May 162019

There have been numerous estimates over the years about how much a patient’s information sells for on dark web marketplaces.  But what about a doctor’s information? If you had the necessary documentation on a physician who could bill electronically for their services, how much could you make by sending fraudulent bills to Medicare or insurers? And what would it cost you to get those documents?

Warning: Health Insurance Fraud

According to a listing on a dark web marketplace, if you’re an experienced fraudster, you could make more than $1 million a year. And the records you need to support your lucrative fraud operations will cost you (only) $500.

I didn’t recognize the seller’s username when I came across the listing, but  my research indicated that they are likely to be the same seller who had called themself  “PikachuPacket” on WallStreet Market. From the registration date, it appears that when WSM shuttered, “PikachuPacket”simply moved over to this other marketplace and started selling under a new username.  While many sellers would use the same username they had used elsewhere so their old customers could find them again, PikachuPacket did not have particularly high ratings on WSM and a name change on a new marketplace may have seemed a good way to start to build a better reputation. is not naming the marketplace or providing the seller’s new username.

The listing was a bit unusual because the seller’s listing linked to two FBI wanted posters that have not really drawn media attention. If you’re trying to sell information to use for fraud, would you link to wanted posters of fraudsters?  But this seller seems to have decided that the wanted posters validated the value of fraud that could be committed by what he was selling:

Some fraudsters who know very well what this info is worth (But obviously wern’t as careful as they could have been):

The FBI’s wanted poster for the male suspect states:

The unknown suspect and a female accomplice are alleged to have stolen the identities of at least 19 medical professionals from across the United States. The suspects have then allegedly used these identities to submit fraudulent claims to Medicare for high-end surgeries. These claims have been paid electronically into more than 30 bank accounts that were opened using false or stolen identities. The unknown suspects allegedly use these accounts to launder the money from one account to another, then obtain the fraudulent funds through ATM withdrawals.

Referring to those posters, the seller wrote:

This is a new and extremely valuble scheme and I’m not selling info on how to to it, only the details needed to cary out the scam.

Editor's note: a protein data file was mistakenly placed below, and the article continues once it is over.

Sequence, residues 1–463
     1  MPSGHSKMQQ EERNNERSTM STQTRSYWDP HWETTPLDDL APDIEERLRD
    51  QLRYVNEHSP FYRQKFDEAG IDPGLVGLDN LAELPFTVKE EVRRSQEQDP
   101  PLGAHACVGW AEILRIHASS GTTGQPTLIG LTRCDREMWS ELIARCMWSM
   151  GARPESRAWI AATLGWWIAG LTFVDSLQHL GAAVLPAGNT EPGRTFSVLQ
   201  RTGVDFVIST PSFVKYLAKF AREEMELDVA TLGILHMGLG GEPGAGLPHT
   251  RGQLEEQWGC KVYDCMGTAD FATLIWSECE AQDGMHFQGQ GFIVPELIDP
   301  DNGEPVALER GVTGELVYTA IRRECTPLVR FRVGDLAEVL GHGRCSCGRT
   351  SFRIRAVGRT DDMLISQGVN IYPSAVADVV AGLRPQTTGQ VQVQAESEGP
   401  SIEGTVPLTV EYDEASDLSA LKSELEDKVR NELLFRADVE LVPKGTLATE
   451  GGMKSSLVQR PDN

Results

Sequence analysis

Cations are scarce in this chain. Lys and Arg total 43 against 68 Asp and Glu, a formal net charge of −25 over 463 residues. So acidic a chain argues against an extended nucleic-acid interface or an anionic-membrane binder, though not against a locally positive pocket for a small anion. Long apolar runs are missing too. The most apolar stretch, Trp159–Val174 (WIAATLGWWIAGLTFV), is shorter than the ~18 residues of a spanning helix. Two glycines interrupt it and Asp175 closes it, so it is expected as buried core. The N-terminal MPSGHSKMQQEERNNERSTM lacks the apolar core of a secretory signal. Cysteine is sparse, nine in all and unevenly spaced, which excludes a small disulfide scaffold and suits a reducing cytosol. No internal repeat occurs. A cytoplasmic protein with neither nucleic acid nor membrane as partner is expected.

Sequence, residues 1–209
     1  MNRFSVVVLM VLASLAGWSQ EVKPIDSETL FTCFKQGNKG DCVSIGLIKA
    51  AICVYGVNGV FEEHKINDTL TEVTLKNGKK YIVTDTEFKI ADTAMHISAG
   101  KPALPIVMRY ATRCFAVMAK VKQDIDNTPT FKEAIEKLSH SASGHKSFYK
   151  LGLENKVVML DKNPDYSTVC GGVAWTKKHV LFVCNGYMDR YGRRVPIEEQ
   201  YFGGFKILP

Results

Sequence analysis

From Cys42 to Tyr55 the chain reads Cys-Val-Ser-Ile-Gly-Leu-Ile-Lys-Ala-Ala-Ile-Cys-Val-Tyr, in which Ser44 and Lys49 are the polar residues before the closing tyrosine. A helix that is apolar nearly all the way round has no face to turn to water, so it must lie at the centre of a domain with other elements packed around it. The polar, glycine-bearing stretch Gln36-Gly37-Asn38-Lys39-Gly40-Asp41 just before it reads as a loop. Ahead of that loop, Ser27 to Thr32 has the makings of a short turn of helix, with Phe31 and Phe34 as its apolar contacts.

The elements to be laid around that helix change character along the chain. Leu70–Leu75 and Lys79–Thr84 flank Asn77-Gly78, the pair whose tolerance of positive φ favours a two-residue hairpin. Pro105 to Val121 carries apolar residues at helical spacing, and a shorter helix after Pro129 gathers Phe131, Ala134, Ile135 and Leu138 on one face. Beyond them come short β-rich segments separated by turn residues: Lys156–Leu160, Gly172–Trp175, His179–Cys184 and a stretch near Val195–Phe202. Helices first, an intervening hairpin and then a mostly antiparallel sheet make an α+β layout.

To give you the rundown, you can use these identities to submit fraudulent claims to Medicare and Insurance for high-end surgeries and have the funds sent to a drop.

And what can you get for your $500? If you purchase from this seller, you supposedly get high-quality color scans that include a:

Bachelor Diploma
Bachelor Medical Technology
Malpractice Insurance Document
Medical Diploma & Board Recommendations
Medical Doctor License
DEA License
Medical Technologist Certification (ASCP)
New Mexico MD License
Driving License Scan
Passport Scan

As of today, there haven’t been any sales.

And as a color-me-curious side note: I wonder how this threat actor knew about those wanted posters. Is the doctors’ information for sale in this listing part of the data that the two wanted suspects had stolen?  You’d think that insurers would have flags up on the names of the professionals whose information had been stolen, but was any warning or PIN ever sent to health insurers about these 19 sets of compromised credentials that had been used for insurance fraud?

Apr 192019

Defendant’s “Codeshop” Website Sold Troves of Stolen Credit Card Data and Bank Account Logins on the Black Market

April 17 – Earlier today, in federal court in Brooklyn, Djevair Ametovski, a Macedonian citizen, was sentenced by United States District Judge Eric N. Vitaliano to 90 months’ imprisonment after previously pleading guilty to access device fraud and aggravated identity theft.  Those crimes related to Ametovski’s operation of “Codeshop,” a website he created for the sole purpose of selling stolen credit and debit card data, bank account credentials and personal identification information.  Judge Vitaliano also ordered the defendant to forfeit $250,000 and to pay restitution in an amount to be determined by the Court at a later date.  Ametovski was arrested in Ljubljana, Slovenia, in January 2014, and was extradited to the United States in May 2016.